Detroit Lions wide receiver Nate Burleson has had a tough 12 months when it comes to injuries. His 2012 season came to an early close when he suffered a broken leg that required surgery before the halfway mark. With just three games under his belt this season, Burleson again suffered a fracture -- two, in fact -- this time in his left forearm.
The latest injury did not happen on the football field but was the result of a single-car accident in which Burleson was the driver. According to ESPN's Ed Werder, the accident did not involve alcohol but appears rather to have been a case of distracted driving. Burleson is expected to undergo surgery Wednesday to repair the two forearm bones, the radius and the ulna. The team has not issued a timetable for his return, but, according to ESPN.com's Michael Rothstein, coach Jim Schwartz says the Lions do expect Burleson to return this season.
Although complete assessment of the injury will take place during surgery, it would appear Burleson's recovery timetable would make him a good candidate for the IR/designated for return. Unfortunately, that is not an option for the Lions because they have already used that singular designation on running back (and special-teams player) Montell Owens, who is out with a knee injury.
So, how long will the Lions be without Burleson? As noted, more will be known after surgery. Beyond evaluating and repairing the fractures themselves -- stabilizing with hardware, most likely plates and screws -- surgeons will have the opportunity to more closely examine the soft tissue in the area. Presuming there are no substantial injuries to blood vessels, nerves, or muscles and tendons in the forearm, the recovery focus will center on the healing of the bones. Fractures typically take about six weeks to heal, but there is the additional demand for a football player of being able to absorb heavy contact through the forearm. Even after a fracture has visibly healed, bone tissue is still undergoing a remodeling process as it continues to shape and strengthen post-injury.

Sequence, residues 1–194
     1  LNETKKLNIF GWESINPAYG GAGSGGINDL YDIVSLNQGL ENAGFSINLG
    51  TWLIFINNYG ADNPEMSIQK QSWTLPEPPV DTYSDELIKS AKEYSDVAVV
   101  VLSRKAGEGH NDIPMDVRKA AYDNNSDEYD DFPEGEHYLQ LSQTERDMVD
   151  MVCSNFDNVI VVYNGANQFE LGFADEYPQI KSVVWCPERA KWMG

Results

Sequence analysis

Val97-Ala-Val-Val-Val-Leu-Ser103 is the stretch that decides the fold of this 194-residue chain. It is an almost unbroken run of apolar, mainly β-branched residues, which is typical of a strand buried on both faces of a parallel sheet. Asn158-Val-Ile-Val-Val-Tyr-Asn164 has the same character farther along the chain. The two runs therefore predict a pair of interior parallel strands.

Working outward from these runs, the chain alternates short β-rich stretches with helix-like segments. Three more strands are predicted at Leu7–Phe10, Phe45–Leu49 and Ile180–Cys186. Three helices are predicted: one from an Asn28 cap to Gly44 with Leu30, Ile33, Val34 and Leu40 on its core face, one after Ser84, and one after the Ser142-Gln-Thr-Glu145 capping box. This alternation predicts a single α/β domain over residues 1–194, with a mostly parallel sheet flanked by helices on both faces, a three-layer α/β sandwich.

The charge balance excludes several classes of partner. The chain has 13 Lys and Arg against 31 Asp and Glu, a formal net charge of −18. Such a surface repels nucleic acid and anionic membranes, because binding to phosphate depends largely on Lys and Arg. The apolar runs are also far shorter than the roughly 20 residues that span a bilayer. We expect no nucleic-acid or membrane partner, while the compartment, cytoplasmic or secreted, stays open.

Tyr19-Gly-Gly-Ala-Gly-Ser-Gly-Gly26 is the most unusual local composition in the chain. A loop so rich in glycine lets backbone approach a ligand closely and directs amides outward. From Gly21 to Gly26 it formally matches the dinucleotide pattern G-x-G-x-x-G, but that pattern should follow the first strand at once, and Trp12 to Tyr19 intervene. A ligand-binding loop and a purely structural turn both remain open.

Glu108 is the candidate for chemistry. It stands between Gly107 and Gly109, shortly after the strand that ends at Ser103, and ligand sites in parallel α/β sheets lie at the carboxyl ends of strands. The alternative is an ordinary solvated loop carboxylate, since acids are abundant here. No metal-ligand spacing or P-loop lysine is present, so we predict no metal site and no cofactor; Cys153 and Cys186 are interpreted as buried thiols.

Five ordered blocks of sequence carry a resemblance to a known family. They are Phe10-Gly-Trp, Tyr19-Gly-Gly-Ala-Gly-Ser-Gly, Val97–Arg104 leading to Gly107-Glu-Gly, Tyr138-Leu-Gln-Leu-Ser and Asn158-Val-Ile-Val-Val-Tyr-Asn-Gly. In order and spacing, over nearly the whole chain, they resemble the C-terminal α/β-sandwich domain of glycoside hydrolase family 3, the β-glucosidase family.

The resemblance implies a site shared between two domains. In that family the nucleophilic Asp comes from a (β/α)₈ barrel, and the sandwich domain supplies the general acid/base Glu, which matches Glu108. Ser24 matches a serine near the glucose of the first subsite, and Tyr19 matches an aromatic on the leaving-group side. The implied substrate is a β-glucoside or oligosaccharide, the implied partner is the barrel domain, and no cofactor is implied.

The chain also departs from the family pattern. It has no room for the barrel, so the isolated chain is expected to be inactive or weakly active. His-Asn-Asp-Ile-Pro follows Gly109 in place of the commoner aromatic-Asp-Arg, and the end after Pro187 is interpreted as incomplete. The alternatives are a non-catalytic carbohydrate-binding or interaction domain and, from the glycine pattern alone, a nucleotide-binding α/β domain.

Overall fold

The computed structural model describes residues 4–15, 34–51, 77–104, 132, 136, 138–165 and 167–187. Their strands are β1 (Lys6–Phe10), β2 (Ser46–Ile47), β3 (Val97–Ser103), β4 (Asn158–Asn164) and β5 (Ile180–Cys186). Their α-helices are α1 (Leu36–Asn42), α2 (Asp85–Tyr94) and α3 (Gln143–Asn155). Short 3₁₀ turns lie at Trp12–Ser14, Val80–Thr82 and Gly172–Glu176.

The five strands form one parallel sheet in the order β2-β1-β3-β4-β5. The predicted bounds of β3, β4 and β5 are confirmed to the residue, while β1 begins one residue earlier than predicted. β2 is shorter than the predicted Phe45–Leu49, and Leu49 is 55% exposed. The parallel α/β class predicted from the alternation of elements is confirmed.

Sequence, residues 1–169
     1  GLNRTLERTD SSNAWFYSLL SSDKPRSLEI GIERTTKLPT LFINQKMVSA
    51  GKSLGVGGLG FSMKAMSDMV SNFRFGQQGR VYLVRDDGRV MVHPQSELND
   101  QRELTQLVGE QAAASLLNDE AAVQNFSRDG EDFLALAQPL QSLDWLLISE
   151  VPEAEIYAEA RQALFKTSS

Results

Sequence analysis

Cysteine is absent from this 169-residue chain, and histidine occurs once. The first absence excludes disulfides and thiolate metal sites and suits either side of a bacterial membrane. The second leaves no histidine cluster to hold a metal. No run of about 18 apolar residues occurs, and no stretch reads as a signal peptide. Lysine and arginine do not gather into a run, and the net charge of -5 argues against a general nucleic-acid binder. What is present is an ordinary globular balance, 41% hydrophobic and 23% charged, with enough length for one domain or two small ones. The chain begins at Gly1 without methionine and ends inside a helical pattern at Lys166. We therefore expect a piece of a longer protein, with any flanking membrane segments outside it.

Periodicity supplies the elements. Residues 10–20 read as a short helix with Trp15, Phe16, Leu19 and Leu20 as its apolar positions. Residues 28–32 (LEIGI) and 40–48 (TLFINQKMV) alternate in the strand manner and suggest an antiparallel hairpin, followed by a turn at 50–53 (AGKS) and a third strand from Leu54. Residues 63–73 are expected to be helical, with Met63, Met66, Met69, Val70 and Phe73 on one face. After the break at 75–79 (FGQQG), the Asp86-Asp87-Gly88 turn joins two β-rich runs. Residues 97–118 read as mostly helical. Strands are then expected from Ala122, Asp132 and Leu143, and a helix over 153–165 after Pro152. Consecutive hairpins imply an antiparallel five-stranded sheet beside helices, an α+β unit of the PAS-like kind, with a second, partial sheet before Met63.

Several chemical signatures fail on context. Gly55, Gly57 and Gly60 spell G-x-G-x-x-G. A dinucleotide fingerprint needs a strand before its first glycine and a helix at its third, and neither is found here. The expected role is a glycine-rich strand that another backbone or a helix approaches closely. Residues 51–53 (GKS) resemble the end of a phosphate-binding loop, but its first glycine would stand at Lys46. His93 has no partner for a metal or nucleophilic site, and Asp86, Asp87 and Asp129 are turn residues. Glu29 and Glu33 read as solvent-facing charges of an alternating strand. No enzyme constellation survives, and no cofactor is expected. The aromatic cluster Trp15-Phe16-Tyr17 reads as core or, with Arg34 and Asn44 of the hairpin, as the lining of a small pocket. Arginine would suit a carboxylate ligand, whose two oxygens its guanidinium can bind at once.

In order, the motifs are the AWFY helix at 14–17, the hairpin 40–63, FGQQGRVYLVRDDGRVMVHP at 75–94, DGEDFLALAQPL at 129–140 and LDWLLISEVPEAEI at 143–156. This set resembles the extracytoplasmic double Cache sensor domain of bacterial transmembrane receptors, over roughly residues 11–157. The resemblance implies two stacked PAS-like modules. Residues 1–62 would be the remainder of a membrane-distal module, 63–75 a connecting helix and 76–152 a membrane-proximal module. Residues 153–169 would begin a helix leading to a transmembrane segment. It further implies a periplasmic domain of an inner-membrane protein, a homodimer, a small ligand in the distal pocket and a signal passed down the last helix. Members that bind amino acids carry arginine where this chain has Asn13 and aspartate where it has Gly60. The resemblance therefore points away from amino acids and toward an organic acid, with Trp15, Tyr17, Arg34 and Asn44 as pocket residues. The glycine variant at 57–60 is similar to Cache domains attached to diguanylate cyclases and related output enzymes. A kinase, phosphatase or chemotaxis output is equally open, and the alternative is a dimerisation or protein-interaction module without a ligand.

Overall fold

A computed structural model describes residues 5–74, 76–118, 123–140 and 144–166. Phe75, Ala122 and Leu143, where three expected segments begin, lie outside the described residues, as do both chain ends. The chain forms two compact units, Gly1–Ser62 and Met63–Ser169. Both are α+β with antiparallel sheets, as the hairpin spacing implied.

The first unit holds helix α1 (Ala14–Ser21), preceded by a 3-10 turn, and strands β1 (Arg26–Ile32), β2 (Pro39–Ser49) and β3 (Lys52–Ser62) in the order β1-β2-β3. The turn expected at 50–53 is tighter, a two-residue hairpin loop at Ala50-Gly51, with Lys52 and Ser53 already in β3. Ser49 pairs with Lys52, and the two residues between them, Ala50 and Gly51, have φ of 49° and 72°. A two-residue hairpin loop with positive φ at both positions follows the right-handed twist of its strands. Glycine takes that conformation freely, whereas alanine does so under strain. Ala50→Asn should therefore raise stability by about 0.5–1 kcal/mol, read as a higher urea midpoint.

Given the requirements of being able to absorb impact with blocking, or falling onto the forearm (potentially with other bodies superimposed on the player's own weight) for a wideout such as Burleson, there has to be confidence that the bones are sufficiently healed to withstand those stresses. There is a certain element of risk of re-fracture with forearm breaks, as has already been demonstrated by Patriots tight end Rob Gronkowski, who re-fractured his surgically repaired ulna in 2013, and Panthers wide receiver Steve Smith, who fractured his previously repaired radius in 2010.
It seems unlikely that Burleson would be ready to take the field much sooner than eight weeks, and it certainly could be longer. In addition to the bone healing, he will need to perform aggressive range of motion exercises at the wrist, elbow and forearm to help prevent any residual stiffness commonly associated with these injuries. Strengthening the entire arm and restoring "game-ready" football conditioning also will be a part of Burleson's program in the weeks ahead.